## Voltage divider networks Assignment Help

Assignment Help: >> Electrical Engineering - Voltage divider networks

Voltage divider networks:

You can imagine, nightmarish series-parallel matrixes of resistors drawn all over whole sheets of paper by now, captioned with wicked queries: What is the current through the R135? But that stuff is best left to the professional engineers, and even they are not to come across it very often. Their job is to make things as efficient as possible. If an engineer is faced with such a scenario, the reaction will probably be, to think about how these problems can be simplified.

Resistances in the series produce ratios of voltages, and these ratios can be tailored to meet certain requirements.

When designing voltage divider networks, the resistance values should be very small, without causing too much current drain on the supply. In practice the values depend on nature of the circuit which is being designed. The reason for electing the smallest possible resistances is that, when the divider is used along with the circuit, you do not want that circuit to upset the operation of divider. The voltage divider "fixes" intermediate voltages best when resistance values are as small as current delivering capability of the power supply will allow.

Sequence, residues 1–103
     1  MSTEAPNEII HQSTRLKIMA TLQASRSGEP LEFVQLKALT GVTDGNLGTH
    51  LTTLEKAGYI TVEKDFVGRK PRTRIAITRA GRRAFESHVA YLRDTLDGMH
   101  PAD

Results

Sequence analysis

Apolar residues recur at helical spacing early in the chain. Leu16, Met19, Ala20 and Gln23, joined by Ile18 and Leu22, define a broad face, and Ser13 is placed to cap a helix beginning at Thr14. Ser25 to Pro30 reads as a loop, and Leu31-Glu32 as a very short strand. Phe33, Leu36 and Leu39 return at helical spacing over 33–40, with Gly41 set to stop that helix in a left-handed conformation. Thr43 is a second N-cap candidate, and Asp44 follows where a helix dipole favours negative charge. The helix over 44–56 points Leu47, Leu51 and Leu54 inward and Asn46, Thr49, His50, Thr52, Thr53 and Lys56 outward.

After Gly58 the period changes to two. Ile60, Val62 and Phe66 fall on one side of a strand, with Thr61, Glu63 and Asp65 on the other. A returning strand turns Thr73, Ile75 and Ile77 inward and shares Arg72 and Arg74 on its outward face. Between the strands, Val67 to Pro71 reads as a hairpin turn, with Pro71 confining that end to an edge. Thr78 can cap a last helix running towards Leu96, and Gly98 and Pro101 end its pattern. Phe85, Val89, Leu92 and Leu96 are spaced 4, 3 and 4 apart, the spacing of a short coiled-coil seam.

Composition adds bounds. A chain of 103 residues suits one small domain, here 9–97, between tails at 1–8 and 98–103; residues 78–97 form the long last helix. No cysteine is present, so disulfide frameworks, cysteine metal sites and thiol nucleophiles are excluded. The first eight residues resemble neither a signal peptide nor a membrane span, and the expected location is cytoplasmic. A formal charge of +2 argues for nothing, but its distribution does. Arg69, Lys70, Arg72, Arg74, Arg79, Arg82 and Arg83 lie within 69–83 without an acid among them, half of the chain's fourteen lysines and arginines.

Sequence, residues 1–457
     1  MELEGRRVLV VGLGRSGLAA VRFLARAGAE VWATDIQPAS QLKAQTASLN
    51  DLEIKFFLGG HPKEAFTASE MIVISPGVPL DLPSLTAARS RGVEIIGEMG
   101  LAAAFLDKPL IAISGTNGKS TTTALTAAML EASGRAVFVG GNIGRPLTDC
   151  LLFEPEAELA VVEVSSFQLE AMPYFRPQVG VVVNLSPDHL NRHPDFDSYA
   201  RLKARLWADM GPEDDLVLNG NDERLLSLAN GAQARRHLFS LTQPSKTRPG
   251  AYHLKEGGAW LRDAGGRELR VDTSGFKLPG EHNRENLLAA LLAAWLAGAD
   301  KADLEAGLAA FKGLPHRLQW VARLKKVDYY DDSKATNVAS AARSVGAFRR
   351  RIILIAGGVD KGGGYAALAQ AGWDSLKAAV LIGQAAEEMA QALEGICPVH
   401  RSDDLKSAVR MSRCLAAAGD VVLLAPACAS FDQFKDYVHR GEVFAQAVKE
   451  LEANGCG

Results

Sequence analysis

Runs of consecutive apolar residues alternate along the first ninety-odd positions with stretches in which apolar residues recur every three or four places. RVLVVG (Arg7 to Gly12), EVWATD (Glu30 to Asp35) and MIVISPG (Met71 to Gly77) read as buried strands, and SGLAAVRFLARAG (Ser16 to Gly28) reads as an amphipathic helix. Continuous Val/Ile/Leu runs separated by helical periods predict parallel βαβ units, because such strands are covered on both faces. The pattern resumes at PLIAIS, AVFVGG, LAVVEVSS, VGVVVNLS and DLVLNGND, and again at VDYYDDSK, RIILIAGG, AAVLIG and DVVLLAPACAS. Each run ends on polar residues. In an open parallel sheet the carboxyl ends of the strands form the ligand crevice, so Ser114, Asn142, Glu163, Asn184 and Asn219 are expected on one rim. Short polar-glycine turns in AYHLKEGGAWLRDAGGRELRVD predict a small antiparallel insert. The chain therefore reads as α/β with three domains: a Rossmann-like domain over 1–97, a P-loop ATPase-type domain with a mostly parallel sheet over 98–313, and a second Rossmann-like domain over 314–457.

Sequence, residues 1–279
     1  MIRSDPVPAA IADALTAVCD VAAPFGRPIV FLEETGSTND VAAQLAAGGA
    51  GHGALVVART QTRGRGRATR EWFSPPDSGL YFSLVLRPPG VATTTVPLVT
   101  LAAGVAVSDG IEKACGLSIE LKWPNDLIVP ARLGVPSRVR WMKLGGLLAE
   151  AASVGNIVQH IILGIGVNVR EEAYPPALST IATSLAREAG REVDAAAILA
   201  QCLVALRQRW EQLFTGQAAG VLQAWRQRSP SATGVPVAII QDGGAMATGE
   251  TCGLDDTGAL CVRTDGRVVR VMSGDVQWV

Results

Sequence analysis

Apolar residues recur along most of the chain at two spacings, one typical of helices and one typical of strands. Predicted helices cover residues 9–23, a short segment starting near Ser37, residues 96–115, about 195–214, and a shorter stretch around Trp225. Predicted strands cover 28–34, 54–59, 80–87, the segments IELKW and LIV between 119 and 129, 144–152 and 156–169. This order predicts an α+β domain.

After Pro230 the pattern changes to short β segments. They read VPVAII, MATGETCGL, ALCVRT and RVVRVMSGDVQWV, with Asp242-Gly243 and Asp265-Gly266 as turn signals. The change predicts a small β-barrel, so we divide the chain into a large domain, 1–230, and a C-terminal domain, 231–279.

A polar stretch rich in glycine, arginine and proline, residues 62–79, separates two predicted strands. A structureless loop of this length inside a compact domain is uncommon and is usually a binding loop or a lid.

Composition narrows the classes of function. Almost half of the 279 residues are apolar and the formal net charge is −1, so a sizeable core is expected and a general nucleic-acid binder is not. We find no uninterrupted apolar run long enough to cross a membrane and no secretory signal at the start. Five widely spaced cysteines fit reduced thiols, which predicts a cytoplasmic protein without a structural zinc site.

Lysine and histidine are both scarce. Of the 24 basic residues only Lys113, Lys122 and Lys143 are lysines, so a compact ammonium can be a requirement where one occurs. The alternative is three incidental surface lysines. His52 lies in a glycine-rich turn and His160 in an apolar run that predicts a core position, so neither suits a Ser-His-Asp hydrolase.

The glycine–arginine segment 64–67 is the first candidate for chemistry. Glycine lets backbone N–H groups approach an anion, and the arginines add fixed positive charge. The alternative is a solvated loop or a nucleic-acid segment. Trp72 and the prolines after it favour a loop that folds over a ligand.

Figure given below shows the principle of voltage division. The individual resistances are R1, R2, R3, ... Rn. The total resistance is R+R1+R2+R3...Rn. Then the supply voltage is E, and current in circuit can be given by I=  E/R. At the several points P1, P2, P3,, ... Pn, voltages will be E1, E2, E3, ..., En. The last voltage, En, is same as supply voltage, E. All the other voltages are much less than E, so E1<E2<E3<...  En =E. Figure--   General arrangement for voltage divider circuit.

The voltages at several points increase according to the sum total of resistances up to each point, in proportion to total resistance, multiplied by supply voltage. The voltage E1 is equal to E=R1/R. The voltage E2 is equal to E*(R1+R2)/RThe voltage E3 is E *(R1 +R2+R3)/RYou can continue the process to obtain voltages at points all the way up to E=E*(R1+R2+R3+...Rn)/R = E * R/R= E*1 = E.